marmalade truths

Marmalade did not win. (shakes fist at the sky) When I was working on my book, my editor asked (more than once) why there wasn’t a marmalade recipe. It was hard to admit to her even though, a few years back, I revealed my deepest preserving secret here. Not only did I not like marmalade, I had never made it successfully. But I felt defeated. Unworthy. As a preserver, I couldn’t live with this failure. So, in January, while traveling through Texas teaching classes for the wonderful Central Market stores. (Three cheers for the fantastic people of Central Market and the welcoming Food52’ers of Austin, Texas!) I taught classes on making the most of the extraordinary fruits available during Central Market’s CITRUS FESTIVAL. Yes, a whole festival of citrus. Four pages of citrus […]

marmalade 1. cathy 0.

Meyer lemon marmalade. Sounds fantastic, right? I don’t know if it’s the marmalade or the day long job of making it, but I’m not a fan. It took a long time to peel the lemons, remove the seeds, chop the pulp, food process the pulp. There were resting periods I hadn’t counted on. I should have read the recipe more carefully, but I just jumped in. Life is a little busy. I’m going in a million directions. But there was this bowl of lemons. And I’ve got lemon curd, and limoncello, and preserved lemons. The only lemon I didn’t have was marmalade, something I’ve promised myself I would make. I chopped and blanched and stirred. I heated it slowly, very slowly, seeking the magic 220° […]

People are cooking from The Practical Pantry

One week ago was my book birthday and wow it’s been a crazy seven days ever since. I’ve stood in the freezing wind at a few of my favorite farmers markets, meeting new readers and greeting old friends. I’ve been interviewed by Bonnie Benwick, Deputy Editor of the Washington Post Food Section. I’ve traveled to Richmond and the beautiful new Southern Seasons store. And today, right now, I’m sitting in Toronto (there are still tickets available for tonight’s event.) This is it. I’m off on my official book tour. Thursday, November 13, I’ll be at the 92nd St. Y, in conversation with the brilliant and funny Charlotte Druckman. Tickets are still available. Won’t you come say hi? Next weekend, I’m in San Francisco, after which […]

a mountain of meyer lemons. limoncello and crema di limoncello

I’ve been working through a glorious box of Meyer lemons from the Lemon Ladies. Every year, I treat myself to a box of lemons from California and their lemons are the most beautiful, floral, bright sunny yellow fruits I’ve ever seen. I made lemon possets, of course, because they’re just about the best dessert in the world. Serve with gingersnaps. I made lemon curd because it is a food of the gods. I’ve toyed with a dozen recipes for shelf stable lemon curd, but I just don’t feel good about putting dairy and eggs in a jar and canning it, even pressure canning, so I put lemon curd in the refrigerator, where it lasts about three months, or in the freezer, where it will keep […]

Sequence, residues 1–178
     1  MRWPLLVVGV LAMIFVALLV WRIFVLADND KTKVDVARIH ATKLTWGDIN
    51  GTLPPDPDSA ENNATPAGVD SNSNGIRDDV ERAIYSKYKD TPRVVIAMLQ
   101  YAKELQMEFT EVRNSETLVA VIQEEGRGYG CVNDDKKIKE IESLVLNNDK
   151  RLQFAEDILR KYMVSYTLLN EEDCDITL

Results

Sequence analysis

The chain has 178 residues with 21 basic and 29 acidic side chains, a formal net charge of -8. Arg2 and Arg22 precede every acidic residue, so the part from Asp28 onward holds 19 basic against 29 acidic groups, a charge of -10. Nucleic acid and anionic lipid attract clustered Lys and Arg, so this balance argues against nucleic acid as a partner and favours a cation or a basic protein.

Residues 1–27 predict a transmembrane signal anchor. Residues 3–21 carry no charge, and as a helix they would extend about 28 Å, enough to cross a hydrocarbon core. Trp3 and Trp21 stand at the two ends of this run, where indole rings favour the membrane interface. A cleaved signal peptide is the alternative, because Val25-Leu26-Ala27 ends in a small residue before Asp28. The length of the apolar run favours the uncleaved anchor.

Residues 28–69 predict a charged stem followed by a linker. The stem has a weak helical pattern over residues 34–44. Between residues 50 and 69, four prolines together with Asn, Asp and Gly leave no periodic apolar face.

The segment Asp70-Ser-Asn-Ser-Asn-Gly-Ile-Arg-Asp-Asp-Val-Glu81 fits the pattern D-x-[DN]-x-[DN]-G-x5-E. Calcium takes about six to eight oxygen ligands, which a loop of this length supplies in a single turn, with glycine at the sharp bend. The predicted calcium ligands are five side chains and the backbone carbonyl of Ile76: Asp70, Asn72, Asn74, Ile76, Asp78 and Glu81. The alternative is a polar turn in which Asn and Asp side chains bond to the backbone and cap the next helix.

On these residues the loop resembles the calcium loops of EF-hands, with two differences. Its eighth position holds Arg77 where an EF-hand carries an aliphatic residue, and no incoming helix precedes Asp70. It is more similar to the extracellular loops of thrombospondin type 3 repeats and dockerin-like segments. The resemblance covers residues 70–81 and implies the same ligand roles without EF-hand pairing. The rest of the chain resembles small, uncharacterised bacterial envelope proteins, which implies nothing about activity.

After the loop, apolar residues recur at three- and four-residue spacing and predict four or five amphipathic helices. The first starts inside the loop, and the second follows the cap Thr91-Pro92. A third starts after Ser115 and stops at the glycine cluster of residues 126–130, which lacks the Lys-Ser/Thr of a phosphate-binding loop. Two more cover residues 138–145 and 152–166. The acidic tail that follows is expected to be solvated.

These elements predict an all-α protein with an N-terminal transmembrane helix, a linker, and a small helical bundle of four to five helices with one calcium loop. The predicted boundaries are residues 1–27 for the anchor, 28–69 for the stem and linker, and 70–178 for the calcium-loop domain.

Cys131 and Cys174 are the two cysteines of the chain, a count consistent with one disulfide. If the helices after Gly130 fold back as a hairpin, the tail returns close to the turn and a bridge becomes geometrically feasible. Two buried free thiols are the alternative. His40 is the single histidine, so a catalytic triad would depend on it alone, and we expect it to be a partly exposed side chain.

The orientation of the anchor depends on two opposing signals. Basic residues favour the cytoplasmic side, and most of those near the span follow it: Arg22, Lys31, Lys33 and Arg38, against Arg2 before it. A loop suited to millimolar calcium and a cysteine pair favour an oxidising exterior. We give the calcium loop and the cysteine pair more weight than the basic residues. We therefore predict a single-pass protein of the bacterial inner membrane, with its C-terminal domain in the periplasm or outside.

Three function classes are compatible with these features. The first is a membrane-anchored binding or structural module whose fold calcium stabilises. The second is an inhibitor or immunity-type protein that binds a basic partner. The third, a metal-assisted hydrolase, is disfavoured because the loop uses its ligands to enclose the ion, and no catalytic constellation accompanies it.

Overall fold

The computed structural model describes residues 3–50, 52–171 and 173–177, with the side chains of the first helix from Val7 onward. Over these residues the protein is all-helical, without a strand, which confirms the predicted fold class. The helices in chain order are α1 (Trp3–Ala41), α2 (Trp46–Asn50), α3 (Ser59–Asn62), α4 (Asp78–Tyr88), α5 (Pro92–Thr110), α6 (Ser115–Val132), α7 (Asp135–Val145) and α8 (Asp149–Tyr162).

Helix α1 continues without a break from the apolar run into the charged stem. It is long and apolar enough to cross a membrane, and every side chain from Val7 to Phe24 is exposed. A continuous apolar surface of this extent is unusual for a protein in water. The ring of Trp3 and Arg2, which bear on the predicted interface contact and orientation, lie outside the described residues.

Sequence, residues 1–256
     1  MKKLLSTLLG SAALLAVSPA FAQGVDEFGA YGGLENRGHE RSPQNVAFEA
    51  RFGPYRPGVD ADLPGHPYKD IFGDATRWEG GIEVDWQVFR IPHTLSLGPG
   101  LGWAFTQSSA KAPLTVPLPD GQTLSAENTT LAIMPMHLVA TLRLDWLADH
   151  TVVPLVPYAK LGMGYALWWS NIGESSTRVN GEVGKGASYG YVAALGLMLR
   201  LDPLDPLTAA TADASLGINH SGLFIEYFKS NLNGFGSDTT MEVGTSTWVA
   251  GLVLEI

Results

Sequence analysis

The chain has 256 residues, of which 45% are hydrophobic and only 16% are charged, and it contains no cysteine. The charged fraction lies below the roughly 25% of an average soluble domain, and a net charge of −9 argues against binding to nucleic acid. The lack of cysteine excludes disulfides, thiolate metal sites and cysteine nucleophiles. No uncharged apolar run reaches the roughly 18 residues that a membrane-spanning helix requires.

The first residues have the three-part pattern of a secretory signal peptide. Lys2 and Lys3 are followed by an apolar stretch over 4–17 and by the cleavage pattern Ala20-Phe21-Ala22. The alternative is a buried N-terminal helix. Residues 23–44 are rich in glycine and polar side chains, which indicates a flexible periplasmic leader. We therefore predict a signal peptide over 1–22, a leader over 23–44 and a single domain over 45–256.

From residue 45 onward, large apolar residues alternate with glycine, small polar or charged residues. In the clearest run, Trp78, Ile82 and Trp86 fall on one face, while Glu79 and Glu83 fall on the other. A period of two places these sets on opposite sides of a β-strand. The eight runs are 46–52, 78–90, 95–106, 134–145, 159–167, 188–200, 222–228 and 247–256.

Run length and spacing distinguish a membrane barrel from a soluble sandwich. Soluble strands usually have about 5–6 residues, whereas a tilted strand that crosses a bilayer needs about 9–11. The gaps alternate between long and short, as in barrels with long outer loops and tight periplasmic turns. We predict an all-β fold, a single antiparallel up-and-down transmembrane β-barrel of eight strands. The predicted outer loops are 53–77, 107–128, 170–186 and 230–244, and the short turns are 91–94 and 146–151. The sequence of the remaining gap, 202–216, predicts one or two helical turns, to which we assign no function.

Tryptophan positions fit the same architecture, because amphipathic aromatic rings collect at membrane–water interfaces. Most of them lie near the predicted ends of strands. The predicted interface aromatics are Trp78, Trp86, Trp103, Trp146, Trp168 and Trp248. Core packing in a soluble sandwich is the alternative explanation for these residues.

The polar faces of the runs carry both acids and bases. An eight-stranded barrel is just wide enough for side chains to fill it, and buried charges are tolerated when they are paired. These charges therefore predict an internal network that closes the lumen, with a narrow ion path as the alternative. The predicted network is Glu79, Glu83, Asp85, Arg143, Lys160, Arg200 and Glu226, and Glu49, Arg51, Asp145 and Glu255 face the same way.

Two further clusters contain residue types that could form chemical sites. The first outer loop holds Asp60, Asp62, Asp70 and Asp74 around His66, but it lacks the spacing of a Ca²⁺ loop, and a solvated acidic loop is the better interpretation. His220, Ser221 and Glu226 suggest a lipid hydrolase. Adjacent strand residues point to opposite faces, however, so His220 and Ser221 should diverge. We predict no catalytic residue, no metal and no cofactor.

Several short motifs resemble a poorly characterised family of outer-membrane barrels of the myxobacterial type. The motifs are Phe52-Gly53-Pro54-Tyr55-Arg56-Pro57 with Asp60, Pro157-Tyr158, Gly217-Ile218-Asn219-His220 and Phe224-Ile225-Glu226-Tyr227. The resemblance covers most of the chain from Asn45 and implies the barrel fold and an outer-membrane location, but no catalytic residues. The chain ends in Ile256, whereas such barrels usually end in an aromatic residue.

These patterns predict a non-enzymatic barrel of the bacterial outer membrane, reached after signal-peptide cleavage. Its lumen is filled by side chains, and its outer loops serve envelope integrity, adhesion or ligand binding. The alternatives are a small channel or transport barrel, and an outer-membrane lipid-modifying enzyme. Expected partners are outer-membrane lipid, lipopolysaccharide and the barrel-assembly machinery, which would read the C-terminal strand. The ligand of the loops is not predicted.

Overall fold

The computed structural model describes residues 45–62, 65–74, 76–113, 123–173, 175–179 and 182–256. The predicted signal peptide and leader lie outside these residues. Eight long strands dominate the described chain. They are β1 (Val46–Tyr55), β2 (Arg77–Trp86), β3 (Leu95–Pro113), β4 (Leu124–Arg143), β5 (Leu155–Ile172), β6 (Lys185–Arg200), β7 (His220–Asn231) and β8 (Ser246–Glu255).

apricot gelato from the practical pantry

Today, winter came to stay. The wind is blowing and I’m watching leaves leave. The backyard is ankle deep in crackling colorful oak, hickory and dogwood leaves, the trees now stripped bare. The Japanese maples are the last to turn, and the last to let go of their leaves. When we moved in to the house nearly fifteen years ago, this maple at the top of the stairway took my breath away. We constructed the stone wall with the maple in mind, and I paired the squat miniature spruce with the range of colors the tree produces. I adore this laceleaf beauty, all gnarled and structural in the winter when I prune away all the tiny dead branches with miniature clippers. In spring, little bright […]

cherry preserves, straight talk about pectin and a can-it-forward giveaway

Pectin. No Sugar Pectin. Ball. Certo. SureJel. Pomona. Pectin Jaune. Confusing, right? Let’s talk pectin. What follows is strictly my opinion and reflects my own experiences with various commercial pectins. I am not endorsing or dismissing any of these products. They are all effective and useful. Choose the pectin, or no pectin, according to your own expectations and desires. Pectin is necessary to build a gel for preserves, to suspend the fruit in a syrup. All fruit has some pectin, but some fruits have a lot of pectin and others have hardly any. Apples, citrus, gooseberries all have loads of natural pectin, while most stone fruits (cherries, apricots, peaches and plums) do not. Consequently, making apple jam or marmalade that sets up is a relatively […]